For one reason or another, many people (mistakenly) think they only need to make a Will when they are older, and won’t bother until something makes them rethink their position.
You can’t take these things with you when you die, but you can determine how they are passed on. Put simply, if you have a Will in place you will be able to dictate through the terms of your Will exactly who your assets are to pass to.
When someone dies without making a Will, their assets are passed down according to the Rules of Intestacy set by the courts. This could mean that some of your loved ones are left without.
If you’re making a purchase with someone else, then the key decision is how you should own that property – i.e. joint tenants vs tenants in common.
If you’re planning to buy a property with someone else, such as a your spouse, partner or friend, there are two ways to go about it. You can purchase the property as ‘Joint Tenants’ or ‘Tenants in Common’.
There are a number of key moments in the process of owning a property with another person when it will make a big difference how the property is held. For example, when you come to sell the property, or if one of the co-owners dies, or if you and the person you’re buying with are in a relationship that comes to an end.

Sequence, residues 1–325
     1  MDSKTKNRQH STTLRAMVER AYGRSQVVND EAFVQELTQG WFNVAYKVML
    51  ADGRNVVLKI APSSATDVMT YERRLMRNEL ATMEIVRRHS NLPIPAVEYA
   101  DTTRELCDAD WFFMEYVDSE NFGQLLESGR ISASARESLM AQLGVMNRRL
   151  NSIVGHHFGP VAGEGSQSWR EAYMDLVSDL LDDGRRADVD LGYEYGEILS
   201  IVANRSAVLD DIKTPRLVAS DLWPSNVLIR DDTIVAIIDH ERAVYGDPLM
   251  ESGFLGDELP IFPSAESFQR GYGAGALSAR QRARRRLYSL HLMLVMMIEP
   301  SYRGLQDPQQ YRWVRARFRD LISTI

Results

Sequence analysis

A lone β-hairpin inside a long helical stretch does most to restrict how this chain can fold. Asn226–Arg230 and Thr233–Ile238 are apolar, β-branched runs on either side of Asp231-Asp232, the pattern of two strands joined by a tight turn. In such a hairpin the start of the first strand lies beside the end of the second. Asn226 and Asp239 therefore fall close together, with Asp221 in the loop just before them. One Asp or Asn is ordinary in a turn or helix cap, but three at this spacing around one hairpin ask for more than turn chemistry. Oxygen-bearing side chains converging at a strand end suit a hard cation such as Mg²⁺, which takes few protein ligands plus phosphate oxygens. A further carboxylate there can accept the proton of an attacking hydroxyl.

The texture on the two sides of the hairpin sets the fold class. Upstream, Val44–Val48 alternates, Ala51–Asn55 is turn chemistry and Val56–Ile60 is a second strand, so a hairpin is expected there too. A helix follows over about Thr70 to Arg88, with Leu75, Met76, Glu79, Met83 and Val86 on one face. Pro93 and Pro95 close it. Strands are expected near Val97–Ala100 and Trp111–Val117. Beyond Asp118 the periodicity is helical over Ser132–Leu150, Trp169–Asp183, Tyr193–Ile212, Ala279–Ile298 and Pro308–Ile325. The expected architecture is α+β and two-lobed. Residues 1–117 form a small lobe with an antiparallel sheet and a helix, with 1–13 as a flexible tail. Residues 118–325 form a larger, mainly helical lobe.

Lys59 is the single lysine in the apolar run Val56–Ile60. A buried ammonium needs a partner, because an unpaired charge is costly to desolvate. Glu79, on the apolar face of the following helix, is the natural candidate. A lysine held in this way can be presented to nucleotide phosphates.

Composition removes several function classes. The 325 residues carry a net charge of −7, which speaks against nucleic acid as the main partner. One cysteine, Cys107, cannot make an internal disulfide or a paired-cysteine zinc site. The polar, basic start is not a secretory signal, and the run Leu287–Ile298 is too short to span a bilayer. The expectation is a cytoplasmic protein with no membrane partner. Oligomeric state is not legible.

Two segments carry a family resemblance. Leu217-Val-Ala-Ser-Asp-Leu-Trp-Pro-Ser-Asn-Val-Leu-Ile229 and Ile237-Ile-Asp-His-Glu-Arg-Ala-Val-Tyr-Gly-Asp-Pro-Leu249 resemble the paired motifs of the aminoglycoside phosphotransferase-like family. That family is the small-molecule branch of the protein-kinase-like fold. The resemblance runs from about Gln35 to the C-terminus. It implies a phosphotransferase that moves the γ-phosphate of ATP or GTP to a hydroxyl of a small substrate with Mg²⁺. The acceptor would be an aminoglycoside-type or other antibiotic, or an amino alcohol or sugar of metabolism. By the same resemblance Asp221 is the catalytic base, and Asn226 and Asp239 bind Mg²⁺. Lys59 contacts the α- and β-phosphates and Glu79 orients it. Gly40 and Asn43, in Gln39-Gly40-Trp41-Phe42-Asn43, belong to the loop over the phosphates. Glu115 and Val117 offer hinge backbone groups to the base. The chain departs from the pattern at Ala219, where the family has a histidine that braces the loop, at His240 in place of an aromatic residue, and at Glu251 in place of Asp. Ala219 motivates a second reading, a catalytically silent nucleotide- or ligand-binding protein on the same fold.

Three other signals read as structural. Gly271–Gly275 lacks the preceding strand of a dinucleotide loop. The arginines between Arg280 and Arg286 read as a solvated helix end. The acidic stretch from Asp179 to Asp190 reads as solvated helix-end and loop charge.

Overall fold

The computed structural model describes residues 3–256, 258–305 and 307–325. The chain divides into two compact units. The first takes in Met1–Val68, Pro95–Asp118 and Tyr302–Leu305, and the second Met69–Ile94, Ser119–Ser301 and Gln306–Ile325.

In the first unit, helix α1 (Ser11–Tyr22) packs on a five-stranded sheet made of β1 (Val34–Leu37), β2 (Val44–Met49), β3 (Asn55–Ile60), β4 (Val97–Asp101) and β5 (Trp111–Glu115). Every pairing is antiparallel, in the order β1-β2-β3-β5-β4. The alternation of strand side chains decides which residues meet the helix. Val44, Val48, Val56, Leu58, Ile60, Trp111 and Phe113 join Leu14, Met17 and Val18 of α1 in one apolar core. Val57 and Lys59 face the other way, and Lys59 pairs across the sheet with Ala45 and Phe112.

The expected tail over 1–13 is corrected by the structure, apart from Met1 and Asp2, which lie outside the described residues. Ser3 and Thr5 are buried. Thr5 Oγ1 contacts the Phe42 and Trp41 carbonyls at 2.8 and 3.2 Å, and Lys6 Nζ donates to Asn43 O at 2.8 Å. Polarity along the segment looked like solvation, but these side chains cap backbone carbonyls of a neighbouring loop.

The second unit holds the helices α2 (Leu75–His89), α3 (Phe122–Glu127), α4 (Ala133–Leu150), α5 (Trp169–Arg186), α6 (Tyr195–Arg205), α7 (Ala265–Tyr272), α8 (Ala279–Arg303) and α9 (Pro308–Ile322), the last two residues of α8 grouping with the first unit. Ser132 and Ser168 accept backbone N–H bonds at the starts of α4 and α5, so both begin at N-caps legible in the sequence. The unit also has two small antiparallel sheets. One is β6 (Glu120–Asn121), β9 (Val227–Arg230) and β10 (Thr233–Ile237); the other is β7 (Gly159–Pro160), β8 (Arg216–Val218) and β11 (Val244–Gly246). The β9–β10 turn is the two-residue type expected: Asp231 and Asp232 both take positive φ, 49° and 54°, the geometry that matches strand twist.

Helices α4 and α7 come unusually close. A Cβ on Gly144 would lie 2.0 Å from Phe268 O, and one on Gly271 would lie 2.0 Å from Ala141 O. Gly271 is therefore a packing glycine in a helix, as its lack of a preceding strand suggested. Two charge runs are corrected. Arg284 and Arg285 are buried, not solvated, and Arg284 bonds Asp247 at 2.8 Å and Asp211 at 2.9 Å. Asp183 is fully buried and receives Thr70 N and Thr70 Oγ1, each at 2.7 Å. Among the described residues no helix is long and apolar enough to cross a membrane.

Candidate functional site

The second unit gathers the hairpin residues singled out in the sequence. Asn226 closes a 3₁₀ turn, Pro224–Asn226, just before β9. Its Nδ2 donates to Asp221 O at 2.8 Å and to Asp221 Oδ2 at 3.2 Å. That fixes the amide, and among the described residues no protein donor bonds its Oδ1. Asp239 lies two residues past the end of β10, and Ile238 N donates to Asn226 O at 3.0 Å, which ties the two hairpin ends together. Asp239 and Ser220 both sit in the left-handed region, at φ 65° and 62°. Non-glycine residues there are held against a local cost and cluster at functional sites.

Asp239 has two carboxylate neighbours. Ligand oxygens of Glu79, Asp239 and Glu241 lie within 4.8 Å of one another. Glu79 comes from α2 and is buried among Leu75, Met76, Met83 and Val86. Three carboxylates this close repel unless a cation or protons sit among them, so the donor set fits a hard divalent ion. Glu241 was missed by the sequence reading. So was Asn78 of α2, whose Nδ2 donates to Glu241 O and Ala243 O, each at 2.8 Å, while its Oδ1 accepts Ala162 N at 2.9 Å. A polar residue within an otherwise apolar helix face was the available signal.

As Joint Tenants (sometimes called ‘beneficial joint tenants’):
As Tenants in Common:
If one of you dies, the survivor will automatically own the house. However let’s assume that you both pass away. It is not a nice thought we know, but say there is a car accident, for example. If evidence exists (such as time of death) that one of the owners survived the other (say one person is in a coma and then dies later), then the house will form part of that owners estate.
If however no evidence exists, then by law the youngest of the owners is deemed to have survived the other, and the house will form part of their estate.
As we discussed earlier, if there is no Will it would then only be that person’s family who would benefit from the house. If you want to ensure that in the event of anything happening to you both, that the families of both owners will benefit, the only way to ensure this will happen is to make Wills to cover this situation.
Firstly, it’s great to hear you have a Will. Reviewing your Will regularly (every 5 years or as your circumstances change) is advisable.